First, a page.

I usually bring a commonsense approach to help listeners carve a practical vision for their success. Through my keynote addresses and presentations, I try to inspire the audience with my stories and lived experiences and I hope some wisdom too that can empower them to triumph over any challenge in life. I believe I bring a unique profile to the table because you will find few people that have had the journey I’ve lived.
What advice can you give to a foreign entrepreneur struggling with achieving success in North America?
One, get clarity for your idea or vision, in terms of can you make money from it, or which part of your idea can really generate enough money to be worth the commitment. Two, use all the resources available to you and don’t be afraid to ask the questions you have. Three, when talking to people for advice, make sure you are talking to a real expert who knows what they’re talking about and what your idea means. Four, don’t be afraid to take risks with your idea. Five, commit to your goals by working hard to make them materialize. Six, patience should be your best friend and don’t fight your instincts.
What do you believe to be the key to building new relationships, professionally and personally?
In the professional circle, people connect [with] others based on shared interest or needs. If you don’t know what you want exactly, people won’t be able to determine how they can relate to you. Therefore, it’s very important to know who you are, what you want, what you have to offer, and how far you can go. The last part is what helps you set boundaries for the relationships you are building, or you want to build. Things can move quickly and sometimes in the direction that you didn’t anticipate or expect, and your boundaries are what will set you free and protect or guide you. On a lighter note don’t be afraid to reach out to people, make the first move, say hello first, or start the conversation.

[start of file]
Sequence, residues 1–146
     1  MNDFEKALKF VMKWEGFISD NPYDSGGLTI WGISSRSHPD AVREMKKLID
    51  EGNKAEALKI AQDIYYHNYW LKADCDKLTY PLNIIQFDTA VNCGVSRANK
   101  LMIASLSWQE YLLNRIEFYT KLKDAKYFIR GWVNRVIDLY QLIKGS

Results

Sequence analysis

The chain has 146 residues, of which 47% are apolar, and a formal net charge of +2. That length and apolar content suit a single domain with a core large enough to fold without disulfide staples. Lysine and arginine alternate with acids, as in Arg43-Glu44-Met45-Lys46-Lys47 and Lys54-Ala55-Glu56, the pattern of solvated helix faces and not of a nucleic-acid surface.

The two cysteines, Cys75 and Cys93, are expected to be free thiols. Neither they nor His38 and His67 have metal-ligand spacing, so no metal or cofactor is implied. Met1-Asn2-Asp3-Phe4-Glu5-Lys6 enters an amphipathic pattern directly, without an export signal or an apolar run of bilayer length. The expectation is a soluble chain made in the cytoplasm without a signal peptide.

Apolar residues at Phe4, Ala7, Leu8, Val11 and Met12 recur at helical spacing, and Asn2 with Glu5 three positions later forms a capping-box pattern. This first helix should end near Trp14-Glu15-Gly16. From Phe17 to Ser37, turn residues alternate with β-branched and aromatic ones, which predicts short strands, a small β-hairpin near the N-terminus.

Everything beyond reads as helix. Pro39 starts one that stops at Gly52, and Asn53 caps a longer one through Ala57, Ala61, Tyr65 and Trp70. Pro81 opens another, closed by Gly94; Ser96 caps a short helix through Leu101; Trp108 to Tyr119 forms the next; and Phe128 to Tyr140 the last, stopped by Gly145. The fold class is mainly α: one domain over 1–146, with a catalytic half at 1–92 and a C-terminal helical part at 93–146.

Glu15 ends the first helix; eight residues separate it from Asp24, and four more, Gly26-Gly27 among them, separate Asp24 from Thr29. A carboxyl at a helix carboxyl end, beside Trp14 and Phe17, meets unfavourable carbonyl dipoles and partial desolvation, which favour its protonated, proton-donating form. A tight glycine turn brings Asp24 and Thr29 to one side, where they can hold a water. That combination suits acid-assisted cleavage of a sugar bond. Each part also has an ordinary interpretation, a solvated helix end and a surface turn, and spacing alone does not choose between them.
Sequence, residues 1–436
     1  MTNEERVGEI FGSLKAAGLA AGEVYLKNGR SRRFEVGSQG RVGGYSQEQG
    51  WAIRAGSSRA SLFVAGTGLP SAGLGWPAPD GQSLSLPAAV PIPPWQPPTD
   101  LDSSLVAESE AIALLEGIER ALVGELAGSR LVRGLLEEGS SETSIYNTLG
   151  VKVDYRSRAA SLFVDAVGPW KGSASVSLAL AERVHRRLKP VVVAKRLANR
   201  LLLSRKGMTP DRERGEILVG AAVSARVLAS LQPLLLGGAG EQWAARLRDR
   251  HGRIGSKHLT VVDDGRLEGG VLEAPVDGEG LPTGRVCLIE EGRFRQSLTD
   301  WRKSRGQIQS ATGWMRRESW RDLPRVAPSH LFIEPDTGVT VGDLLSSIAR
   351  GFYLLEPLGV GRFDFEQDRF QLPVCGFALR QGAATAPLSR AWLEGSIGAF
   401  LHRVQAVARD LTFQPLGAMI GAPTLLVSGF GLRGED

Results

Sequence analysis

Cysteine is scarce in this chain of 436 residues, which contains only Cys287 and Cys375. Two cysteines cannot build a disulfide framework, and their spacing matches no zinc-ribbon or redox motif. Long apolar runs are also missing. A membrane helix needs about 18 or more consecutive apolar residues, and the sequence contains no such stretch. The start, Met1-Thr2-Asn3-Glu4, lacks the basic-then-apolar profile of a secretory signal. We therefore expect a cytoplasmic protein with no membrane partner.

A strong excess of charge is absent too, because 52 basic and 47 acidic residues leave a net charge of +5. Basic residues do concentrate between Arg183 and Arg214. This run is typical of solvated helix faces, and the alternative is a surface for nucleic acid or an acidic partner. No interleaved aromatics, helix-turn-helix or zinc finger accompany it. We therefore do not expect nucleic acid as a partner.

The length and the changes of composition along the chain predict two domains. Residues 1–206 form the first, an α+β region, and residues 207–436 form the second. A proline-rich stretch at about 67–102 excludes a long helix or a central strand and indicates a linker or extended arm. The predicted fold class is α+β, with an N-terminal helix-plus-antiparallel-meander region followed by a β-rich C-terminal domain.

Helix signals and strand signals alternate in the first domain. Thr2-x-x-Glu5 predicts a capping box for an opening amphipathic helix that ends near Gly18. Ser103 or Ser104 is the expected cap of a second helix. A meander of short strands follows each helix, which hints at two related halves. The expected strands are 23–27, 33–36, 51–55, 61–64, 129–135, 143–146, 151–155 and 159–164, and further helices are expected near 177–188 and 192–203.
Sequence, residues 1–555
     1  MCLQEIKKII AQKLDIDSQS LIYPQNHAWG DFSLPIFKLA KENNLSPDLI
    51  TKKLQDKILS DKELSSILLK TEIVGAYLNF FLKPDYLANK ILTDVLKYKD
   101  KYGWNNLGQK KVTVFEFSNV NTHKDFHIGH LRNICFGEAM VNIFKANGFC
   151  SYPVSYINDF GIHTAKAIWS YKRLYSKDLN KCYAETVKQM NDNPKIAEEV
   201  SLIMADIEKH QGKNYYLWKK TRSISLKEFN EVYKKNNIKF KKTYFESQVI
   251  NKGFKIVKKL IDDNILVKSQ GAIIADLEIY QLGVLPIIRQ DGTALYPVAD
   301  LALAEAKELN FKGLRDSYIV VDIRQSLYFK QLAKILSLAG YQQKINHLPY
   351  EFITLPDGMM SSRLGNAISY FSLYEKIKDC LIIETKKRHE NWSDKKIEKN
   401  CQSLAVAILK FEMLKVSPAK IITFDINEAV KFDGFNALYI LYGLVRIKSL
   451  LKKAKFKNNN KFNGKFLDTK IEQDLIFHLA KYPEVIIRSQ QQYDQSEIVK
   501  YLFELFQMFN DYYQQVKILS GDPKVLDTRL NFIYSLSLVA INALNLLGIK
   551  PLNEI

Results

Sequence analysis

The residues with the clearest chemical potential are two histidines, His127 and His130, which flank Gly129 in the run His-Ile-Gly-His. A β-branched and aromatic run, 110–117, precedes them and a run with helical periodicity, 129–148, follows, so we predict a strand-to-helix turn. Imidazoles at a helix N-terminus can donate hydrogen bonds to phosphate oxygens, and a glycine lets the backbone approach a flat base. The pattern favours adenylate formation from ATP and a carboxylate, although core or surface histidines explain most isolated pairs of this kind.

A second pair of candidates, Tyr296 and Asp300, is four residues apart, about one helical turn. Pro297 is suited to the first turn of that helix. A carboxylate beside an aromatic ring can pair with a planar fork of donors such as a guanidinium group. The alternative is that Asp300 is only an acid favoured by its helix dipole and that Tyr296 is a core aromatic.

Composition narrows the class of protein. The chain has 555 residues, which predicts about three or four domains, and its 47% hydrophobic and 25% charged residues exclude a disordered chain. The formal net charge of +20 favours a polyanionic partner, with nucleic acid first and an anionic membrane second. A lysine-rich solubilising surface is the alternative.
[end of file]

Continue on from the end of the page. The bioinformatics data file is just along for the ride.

Why do you think there aren’t as many female CEOs or leaders in business, compared to men?
Because a generation has been skipped to prepare women to be in those positions nowadays. If 20 years ago, they didn’t train enough women, encourage enough women, promote enough women for these positions, it is [understandable] that we don’t have that many today. I just hope that 20 years from now, we won’t be asking the same questions.
What accomplishment are you most proud of and what did you learn from it?
My children without a doubt. I have been a single mother for 22 years. Raising children alone with no help in this country, I would not wish that on my worst enemy. My eldest daughter graduated with honours in Biomedical Sciences, and my other daughter is a technology genius (allow me to boast). They are beautiful, considerate, caring, well mannered, and well-behaved. They are healthy, very opinionated, and articulate. I am proud of them every day and seeing the women they are becoming with their own mind, their own thoughts.
What I learned from it? It’s a divine grace to be chosen as a vehicle for God’s children to come through. When you accept that mission and responsibility, God opens doors that you never dreamed of. I learned that contrary to what we think, people are first born the way they are and no matter what you do or say, you can’t change them. You should understand who they are and see how you can best channel who they are.
What projects are you working on currently?
Canada International Black Women Event www.cibwe.ca . It is a new challenge that I gave myself in 2015, as platform to promote black women in Canada who are accomplishing major things that impact the corporations, the communities, the society, Canada in general. But all of that is under the radar. So each year we put forth 100 black women to watch in Canada and promote them to create awareness of their achievements among themselves first and the world, too. As always, I went big on the idea. That means I have been working twice harder to harmonize that vision and make it sustainable. We need corporate sponsors to make it work. We are getting there.
Dontei Wynter | Staff Writer